Nigel Farage has blamed Germany for creating the air pollution that is blighting British cities.
The accusation comes after the European Commission sent a "final warning" to the UK for repeated breaches of legal limits in parts of the country.
The warning was issued for persistent breaches of levels of nitrogen dioxide, which comes from sources including traffic, particularly diesel engines, in 16 areas including London, Birmingham, Leeds, and Glasgow.
But the former Ukip leader said it was winds blowing in from continental Europe that were dumping the pollutants on conurbations in the UK, rather than locally-produced toxic gases.
He suggested the UK Government should refuse to pay an impending fine that he claimed could reach £300 million.
The Eurosceptic MEP told listeners of his LBC radio show: “This has been rumbling on since 2010, and to be fair it is not just the UK that they are threatening.
“But we are facing the possibility of a £300 million fine because the air quality in our cities isn’t good enough.
“Funny isn’t it, we get a south-easterly wind and all the pollution from Germany comes to British cities and were told it’s our fault.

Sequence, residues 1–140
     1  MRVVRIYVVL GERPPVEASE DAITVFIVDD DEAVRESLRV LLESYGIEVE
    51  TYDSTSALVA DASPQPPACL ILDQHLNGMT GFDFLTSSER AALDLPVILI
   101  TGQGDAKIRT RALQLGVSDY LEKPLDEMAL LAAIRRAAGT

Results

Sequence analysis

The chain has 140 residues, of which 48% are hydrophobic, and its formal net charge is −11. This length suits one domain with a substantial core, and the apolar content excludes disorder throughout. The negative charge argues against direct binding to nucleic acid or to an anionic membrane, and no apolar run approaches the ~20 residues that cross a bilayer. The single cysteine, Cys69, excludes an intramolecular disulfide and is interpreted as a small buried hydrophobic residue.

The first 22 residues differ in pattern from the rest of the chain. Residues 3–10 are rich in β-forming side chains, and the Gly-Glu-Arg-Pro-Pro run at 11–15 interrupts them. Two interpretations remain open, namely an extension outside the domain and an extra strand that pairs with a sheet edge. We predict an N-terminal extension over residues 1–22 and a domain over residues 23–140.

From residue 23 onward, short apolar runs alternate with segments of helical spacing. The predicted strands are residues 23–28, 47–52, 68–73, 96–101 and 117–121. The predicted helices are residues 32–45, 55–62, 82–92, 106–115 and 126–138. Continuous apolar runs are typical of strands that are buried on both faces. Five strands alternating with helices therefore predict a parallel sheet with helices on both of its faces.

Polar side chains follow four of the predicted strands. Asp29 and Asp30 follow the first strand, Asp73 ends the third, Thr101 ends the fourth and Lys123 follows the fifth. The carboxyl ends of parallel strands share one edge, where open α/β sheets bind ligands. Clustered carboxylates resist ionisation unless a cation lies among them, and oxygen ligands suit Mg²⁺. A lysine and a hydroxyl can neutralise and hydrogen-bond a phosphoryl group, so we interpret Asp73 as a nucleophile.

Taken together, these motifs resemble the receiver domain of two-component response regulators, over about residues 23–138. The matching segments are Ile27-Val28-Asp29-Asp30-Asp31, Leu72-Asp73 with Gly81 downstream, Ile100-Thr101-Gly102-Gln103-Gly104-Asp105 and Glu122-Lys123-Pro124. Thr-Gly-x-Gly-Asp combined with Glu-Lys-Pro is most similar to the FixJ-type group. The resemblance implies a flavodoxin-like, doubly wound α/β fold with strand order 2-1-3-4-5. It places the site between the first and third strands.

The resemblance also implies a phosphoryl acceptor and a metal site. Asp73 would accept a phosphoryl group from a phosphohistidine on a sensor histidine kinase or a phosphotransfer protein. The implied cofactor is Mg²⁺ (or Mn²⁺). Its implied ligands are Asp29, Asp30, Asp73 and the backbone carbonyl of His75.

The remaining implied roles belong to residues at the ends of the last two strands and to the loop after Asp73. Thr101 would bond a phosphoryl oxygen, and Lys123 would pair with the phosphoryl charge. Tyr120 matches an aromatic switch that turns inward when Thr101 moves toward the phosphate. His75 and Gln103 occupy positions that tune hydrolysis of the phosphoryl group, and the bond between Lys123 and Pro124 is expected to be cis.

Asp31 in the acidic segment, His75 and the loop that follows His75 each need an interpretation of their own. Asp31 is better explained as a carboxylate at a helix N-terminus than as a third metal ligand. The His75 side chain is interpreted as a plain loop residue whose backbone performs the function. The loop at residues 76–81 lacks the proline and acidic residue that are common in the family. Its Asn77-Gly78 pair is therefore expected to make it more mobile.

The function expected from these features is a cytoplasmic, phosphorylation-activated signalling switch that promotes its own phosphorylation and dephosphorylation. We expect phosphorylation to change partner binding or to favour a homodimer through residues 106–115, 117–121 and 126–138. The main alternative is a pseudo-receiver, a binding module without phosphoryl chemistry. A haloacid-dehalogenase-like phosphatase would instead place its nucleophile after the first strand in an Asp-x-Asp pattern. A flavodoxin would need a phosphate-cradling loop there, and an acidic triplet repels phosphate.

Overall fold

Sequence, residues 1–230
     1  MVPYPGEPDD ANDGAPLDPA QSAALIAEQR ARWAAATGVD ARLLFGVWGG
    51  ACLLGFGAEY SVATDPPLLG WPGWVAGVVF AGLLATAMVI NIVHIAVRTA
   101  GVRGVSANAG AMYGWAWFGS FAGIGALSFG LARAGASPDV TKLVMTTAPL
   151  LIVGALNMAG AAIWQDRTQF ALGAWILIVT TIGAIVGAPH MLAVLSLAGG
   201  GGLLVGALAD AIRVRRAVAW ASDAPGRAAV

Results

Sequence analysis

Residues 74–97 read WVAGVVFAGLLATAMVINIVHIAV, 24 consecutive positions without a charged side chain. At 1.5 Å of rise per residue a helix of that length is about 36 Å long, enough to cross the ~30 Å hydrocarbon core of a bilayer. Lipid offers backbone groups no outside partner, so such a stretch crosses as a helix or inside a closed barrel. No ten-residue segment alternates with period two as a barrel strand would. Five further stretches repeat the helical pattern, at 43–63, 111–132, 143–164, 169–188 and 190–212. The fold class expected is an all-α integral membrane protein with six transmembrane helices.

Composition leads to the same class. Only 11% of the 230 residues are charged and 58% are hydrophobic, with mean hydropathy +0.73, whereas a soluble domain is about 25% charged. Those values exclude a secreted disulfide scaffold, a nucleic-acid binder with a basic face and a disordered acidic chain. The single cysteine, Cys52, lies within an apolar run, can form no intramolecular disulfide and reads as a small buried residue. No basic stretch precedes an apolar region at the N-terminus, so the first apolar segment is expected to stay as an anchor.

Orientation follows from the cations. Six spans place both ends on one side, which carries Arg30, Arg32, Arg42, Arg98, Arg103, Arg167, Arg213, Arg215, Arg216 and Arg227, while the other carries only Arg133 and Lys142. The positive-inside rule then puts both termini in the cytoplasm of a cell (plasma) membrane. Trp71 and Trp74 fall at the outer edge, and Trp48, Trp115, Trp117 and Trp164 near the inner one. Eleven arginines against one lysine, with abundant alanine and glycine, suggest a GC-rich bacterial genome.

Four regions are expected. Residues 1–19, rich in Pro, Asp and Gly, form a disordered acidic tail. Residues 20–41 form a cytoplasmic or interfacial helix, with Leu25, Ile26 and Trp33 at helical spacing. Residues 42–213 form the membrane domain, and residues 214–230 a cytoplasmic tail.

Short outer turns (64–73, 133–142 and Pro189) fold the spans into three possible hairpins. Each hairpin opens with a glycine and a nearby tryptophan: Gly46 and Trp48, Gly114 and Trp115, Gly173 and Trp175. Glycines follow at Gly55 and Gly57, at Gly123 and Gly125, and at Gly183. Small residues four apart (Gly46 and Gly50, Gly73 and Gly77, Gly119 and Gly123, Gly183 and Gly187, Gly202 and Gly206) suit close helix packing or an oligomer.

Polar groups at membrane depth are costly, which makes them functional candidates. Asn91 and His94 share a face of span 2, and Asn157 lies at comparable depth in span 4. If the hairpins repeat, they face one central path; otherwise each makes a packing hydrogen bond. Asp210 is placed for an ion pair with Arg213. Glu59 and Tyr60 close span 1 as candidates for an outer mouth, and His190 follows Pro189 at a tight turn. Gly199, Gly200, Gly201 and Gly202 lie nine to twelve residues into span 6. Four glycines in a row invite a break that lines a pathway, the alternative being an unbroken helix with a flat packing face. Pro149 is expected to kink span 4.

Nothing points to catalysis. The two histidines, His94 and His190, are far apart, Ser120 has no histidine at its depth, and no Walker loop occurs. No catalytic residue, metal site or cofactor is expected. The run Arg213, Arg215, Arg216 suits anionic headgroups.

“I suggest we leave quickly and we don’t pay the £300 million fine.”
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His comments appear to relate to reports in January that a cloud of pollution had blown in from Germany.
But Mr Farage failed to mention the effect of locally-produced nitrogen dioxide, much of which is created by diesel vehicles, which combined with the cloud to create a toxic smog blanket.
His comments also fail to reflect that the prevailing winds in the UK come from the west or south-west.
Four other countries received the warning for unacceptable levels of pollution.
Each of them faces action in the European Court of Justice if they continue to breach levels of noxious gases.
The Government has admitted it could be 2020 before air quality levels are within the rules for some areas and 2025 for London, where annual limits were broken on one road just five days into 2017.
Jenny Bates, Friends Of The Earth air pollution campaigner, said: "Air pollution is responsible for tens of thousands of early deaths every year and is harming the health of an entire generation of children.
"Current government plans have been shown to be too little too late."